October 5, 2004
2004-05 CHA Preview

By James Jahnke


Conference Previews: Atlantic Hockey | CCHA | ECACHL | Hockey East | WCHA
Building Features: BGSU | Clarkson | UMass Lowell | Robert Morris
Recruiting Rankings | Preseason All-Americans | The Great 58 | Preseason Faceoff

College Hockey America was the epitome of the caste system last year. There were the haves (Niagara, Bemidji State and Alabama-Huntsville) and the have-nots (Air Force, Findlay and Wayne State). And, as though the levels were decided by their birthrights, they ain’t gonna change.

At least not this year. With the notable exception of welcome newcomer Robert Morris replacing folded Findlay, the CHA pecking order isn’t much different than it was six months ago.

Bemidji State and Niagara will duke it out for the top spot. Almost-there UAH will be lurking just a half-step off the pace. Lagging behind those three is the battle between WSU, Air Force and RMU to lose the fewest games.

Or so it looks on paper. But the beauty of hockey is its unpredictability, right? Maybe in 370 days or so, we’ll watch a championship banner being hoisted to the top of the Island Sports Center in Pittsburgh. Maybe. But don’t bet on it.

Do bet on conference schools continuing to eyeball greener pastures, though. Already, 50 percent of the league has openly expressed interest in joining other conferences (and you know that if, say, the CCHA invited Wayne State, the Warriors wouldn’t politely turn it down), leaving the CHA in a sticky position. It doesn’t take much pessimism to think that this season could be the CHA’s swan song.

But let’s not dwell on the negative (although before we move on completely, note that Bemidji State’s second-leading scorer from last year, Riley Riddell, is suspended from the team and facing third-degree criminal sexual conduct charges). The good news is that the CHA season is nearly upon us...and there’s no threat of a lockout.


For having the best player in the league (Jared Ross), the best defenseman in the league (Jeremy Schreiber), an experienced goaltender (Scott Munroe) and a slew of returning forwards, Alabama-Huntsville isn’t getting a lot of love from the preseason prognosticators. Like 82 percent of the Big Ten, such is life when you’re in a league with the Big Two. But if any team has the credentials to steal the crown from Niagara and Bemidji State, it’s your friendly neighbor to the south. Coach Doug Ross (Jared’s father) shouldn’t lack for scoring this season, as his son paces a strong front line. The main question mark is Munroe, who won the No. 1 job as a freshman only to let then-senior Adam MacLean pilfer half the playing time last season. Now a junior, Munroe must step up and be stout – particularly during UAH’s meetings against the Beavers and Purple Eagles.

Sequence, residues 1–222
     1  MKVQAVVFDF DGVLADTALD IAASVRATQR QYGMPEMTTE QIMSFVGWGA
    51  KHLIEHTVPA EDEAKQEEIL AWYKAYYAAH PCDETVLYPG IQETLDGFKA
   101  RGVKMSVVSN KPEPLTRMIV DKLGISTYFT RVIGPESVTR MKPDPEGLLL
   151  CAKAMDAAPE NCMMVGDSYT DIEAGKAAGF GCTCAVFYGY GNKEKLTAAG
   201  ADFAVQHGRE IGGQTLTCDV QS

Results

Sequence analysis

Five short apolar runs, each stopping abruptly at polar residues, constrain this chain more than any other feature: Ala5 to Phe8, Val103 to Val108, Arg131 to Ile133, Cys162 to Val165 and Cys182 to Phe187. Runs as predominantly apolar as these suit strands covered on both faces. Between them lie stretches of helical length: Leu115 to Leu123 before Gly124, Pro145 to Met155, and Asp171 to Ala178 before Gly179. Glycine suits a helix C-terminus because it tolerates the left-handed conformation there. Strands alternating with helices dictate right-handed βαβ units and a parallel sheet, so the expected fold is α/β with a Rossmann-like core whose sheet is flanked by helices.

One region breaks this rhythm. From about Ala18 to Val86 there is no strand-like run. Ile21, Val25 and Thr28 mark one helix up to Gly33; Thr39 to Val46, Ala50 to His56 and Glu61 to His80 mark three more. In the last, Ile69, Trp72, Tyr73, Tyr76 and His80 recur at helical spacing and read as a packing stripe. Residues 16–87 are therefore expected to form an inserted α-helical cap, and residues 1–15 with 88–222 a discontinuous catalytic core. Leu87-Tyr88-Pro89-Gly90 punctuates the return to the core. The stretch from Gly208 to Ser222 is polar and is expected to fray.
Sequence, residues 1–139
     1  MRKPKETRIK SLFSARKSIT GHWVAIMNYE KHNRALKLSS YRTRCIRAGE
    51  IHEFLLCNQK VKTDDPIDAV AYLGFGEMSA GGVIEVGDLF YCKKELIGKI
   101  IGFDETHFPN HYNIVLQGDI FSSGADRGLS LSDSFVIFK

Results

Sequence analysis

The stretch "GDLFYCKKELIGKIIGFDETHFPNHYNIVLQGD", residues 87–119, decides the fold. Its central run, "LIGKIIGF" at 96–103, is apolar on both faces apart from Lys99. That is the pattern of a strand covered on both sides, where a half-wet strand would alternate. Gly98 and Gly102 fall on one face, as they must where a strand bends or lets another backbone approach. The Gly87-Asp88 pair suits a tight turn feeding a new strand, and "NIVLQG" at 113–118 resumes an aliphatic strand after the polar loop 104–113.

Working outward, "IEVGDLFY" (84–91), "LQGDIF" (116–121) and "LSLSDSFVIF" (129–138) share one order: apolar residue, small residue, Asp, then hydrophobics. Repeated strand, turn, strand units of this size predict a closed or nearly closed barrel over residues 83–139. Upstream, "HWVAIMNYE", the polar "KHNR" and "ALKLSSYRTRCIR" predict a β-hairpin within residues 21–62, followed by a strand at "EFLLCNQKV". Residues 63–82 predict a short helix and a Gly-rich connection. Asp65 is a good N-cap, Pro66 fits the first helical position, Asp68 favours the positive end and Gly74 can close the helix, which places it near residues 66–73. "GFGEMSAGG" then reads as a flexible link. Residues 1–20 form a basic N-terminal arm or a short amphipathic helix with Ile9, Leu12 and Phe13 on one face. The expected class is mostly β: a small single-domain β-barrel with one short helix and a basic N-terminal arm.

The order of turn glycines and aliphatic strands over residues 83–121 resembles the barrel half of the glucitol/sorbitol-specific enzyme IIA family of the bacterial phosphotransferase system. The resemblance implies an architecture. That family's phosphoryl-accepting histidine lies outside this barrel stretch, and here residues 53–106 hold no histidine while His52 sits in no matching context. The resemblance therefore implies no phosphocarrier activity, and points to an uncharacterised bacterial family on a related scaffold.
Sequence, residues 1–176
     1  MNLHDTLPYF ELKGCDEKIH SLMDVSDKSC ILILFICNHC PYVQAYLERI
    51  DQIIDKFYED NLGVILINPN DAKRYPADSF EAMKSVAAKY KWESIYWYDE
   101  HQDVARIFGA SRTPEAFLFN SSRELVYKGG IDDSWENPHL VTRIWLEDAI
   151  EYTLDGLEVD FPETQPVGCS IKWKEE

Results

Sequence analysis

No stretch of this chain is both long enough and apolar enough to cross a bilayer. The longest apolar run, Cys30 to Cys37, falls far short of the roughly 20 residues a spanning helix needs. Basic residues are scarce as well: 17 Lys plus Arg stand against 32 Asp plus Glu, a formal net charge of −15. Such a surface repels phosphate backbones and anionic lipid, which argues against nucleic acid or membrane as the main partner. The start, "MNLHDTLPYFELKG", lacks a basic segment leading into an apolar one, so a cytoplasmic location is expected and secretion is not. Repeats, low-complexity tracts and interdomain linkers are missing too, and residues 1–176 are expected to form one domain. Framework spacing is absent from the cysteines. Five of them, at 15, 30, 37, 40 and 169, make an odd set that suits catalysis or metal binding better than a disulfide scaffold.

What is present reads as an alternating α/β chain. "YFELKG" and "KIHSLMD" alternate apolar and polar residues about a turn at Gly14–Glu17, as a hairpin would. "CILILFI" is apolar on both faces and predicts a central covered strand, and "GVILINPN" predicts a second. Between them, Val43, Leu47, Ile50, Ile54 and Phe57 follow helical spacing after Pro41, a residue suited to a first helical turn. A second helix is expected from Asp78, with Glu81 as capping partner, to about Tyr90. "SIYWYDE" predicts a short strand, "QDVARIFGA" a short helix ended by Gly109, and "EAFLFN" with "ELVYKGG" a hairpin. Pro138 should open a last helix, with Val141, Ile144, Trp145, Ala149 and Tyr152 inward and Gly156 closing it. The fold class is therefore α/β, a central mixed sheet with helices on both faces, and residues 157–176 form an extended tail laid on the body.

Year One of Air Force’s two-year rebuilding project went so well (the 14 wins over Division 1 teams tied a school record), that expectations for Year Two could be inflated. But the Falcons still are very young and could struggle to replace senior forwards Shane Saum and Spanky Leonard and starting goalie Mike Polidor. Sophomore Peter Foster looks like an able replacement for Polidor – if he handles the psychological requirements of being the main guy. But outside of the crease is a different story. Goals probably will be hard to come by, and the defense is susceptible to the better rushes in the league. The Falcons were in fourth place most of last season, but duplicating that feat would be a coup.


Brendan Cook and Bemidji State were the top seed in last year's CHA Tournament, but lost to Niagara in the championship in overtime.

Skating-wise, Bemidji State matches up favorably against anybody in the league (and plenty of teams in the Big Four conferences). But where co- favorite Niagara might have an advantage is between the pipes with Jeff Van Nyanatten. That’s why plenty of northern Minnesota eyes will be fixed on Beavers goalie Layne Sedevie, who takes over for graduated Grady Hunt, this season. If Sedevie can maintain the high level of goaltending Bemidji has enjoyed in recent years, the peppy Beavers forwards can concentrate on what they do best: making fools of opposing goalies.


Air Force had a positive 2003-04 season in no small part because of the attitude that captains Saum and Leonard instilled in the locker room. With them, Frank Serratore pretty much had two extra assistant coaches on his staff – and he didn’t even have to pay them (we don’t think). But Saum and Leonard have moved on, creating a Mark Mangino-sized leadership void in Colorado Springs. Senior defenseman Steve Mead steps into the captain’s role this year, and his efforts will be integral to building the bridge between the Falcons’ tempered present and brighter future.


With all due respect to Niagara’s Barret Ehgoetz, Jared Ross gets the nod here. Ross is a threatening force every time he’s on the ice because his combination of speed, quick hands and hockey intuition is good enough to play for any team in the nation. He’s been the Chargers’ No. 1 threat since the day he took his first shift, and that won’t change. Ehgoetz brings similar abilities to the rink (although his UAH counterpart might have a slight edge in a skills competition), but where Ross really has the advantage is in his value to the team. Niagara could carry on without Ehgoetz. UAH couldn’t without Ross.